Therefore, your first lesson in playing your position is always be watching the action of the game, never turn your back on the infield, and keep your eyes focused on who has the baseball, because that’s where the action will be. 

That might bear repeating. Nothing can happen on the field without it being directly affected by the baseball. The baseball dictates whether a runner can advance, is it a fair hit, is it caught, everything in one way or another revolves around the baseball. Therefore, it only makes sense that you’d always want to know where the baseball is.

Playing Your Position ---------Baseball Outfield 

No different than infielders, who have a basic starting fielding position, of bent knees, head up, glove down, outfielders also require a good basic starting fielding position, as well as a good mental assessment of the field. Let’s learn how to play and analyze our position.

Step One: Baseball Outfield

For the most part little league baseball parks are community or league owned and maintained by volunteers, who do the best they can with limited resources, but the issue is … You’re Not playing on a professional ball diamond, therefore there will be imperfections on the field, especially the outfield.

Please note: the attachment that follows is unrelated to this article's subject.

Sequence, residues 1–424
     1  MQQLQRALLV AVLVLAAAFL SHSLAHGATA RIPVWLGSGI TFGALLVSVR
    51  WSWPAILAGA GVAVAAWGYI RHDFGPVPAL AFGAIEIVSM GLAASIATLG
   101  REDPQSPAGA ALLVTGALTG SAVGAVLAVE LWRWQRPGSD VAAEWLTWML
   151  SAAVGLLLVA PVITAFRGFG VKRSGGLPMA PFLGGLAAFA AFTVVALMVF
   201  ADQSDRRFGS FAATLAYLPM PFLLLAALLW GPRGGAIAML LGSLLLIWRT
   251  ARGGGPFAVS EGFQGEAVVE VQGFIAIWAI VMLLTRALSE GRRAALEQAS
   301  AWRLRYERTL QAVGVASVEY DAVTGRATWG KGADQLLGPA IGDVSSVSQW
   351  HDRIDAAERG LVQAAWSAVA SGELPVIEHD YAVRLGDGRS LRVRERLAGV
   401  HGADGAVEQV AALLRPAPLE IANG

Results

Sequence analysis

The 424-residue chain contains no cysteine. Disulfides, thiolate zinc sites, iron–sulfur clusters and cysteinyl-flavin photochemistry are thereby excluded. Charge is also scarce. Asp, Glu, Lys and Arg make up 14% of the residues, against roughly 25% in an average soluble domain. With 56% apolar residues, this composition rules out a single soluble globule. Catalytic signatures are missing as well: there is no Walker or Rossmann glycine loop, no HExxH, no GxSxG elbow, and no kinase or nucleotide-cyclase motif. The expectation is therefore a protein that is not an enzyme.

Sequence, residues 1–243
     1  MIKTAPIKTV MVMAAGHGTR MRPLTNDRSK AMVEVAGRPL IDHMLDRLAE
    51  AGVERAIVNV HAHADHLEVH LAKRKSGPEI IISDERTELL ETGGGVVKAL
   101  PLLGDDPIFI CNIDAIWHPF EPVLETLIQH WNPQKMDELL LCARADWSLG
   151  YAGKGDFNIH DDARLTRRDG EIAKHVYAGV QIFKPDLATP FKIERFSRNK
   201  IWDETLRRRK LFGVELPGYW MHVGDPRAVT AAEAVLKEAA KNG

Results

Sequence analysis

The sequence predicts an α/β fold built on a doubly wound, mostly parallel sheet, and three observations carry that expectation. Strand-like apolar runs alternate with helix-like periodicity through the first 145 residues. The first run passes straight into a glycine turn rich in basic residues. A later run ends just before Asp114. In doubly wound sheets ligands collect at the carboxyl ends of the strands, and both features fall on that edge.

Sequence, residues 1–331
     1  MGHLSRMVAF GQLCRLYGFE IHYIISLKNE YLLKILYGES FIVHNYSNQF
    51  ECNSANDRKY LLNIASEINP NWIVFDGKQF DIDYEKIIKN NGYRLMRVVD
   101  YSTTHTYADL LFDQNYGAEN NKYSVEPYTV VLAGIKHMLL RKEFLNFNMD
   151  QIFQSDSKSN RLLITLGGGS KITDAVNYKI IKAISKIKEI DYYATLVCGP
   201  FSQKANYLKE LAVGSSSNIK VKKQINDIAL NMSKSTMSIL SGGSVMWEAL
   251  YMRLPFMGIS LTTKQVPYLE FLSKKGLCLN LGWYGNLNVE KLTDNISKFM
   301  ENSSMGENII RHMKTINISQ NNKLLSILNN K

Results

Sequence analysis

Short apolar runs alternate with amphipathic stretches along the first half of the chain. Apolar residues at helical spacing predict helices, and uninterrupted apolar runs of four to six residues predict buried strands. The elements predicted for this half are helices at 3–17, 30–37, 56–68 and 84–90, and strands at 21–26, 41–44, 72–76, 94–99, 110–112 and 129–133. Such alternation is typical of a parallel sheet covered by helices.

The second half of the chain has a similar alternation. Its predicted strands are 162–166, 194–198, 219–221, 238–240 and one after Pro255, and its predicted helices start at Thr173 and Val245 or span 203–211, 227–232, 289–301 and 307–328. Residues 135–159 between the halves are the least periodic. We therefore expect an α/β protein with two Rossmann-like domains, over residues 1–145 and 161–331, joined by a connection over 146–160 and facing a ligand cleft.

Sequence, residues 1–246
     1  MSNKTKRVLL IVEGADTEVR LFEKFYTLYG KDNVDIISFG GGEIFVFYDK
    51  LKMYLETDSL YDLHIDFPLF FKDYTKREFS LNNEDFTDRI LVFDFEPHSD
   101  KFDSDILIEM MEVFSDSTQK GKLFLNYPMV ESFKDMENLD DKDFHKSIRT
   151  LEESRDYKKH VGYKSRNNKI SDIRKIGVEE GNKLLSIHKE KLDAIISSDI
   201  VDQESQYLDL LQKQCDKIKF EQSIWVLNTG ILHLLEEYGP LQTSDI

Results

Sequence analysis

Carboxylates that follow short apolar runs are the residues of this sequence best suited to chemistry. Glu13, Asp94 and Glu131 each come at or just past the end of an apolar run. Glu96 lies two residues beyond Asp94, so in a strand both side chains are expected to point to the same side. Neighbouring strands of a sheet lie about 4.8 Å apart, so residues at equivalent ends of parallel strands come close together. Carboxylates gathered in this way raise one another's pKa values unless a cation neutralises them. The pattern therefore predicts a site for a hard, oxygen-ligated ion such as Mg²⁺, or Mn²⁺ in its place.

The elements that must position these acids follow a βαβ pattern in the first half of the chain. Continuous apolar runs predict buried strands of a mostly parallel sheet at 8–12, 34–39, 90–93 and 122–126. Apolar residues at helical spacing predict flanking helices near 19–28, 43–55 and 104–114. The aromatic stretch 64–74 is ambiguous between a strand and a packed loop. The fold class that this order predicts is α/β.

Baseball Outfield - Two Hands

A. Scan the entire area you will be playing plus half of the adjacent field. In other words, if You’re playing right field …  scan right field and right center field, because a ball hit into the right center field gap is as much your responsibility as it is the center fielder’s.

You’re looking for any noticeable issues which could cause you a problem fielding a ball, such as: 

(a.) Dips in the field where perhaps a long buried pipe created a slight sinking of a four or five foot area, which could cause you to break stride while chasing a fly ball, slowing you down.

(b,) Patches of tall or particularly thick low growing weeds, which could drastically slow a ball down, which you realize you’ll have to charge the ball because it won’t come to you.

(c.) Always check the foul lines. Is the field enclosed by fencing or is it wide open into the parking lot. This could determine how you’ll play a ball.

Tip: It’s a proven fact the human eye focuses more clearly when looking through an enclosure of some sort, which restricts peripheral vision and the distractions it picks up.

Cup your hands on either side of your face creating blinders as you scan the field, as it will help detect things you would normally scan right over. Don’t worry about someone thinking you look silly, you’re there to win a ball game and anything you can do to give yourself an advantage is all you think about.

Step Two: Baseball Outfield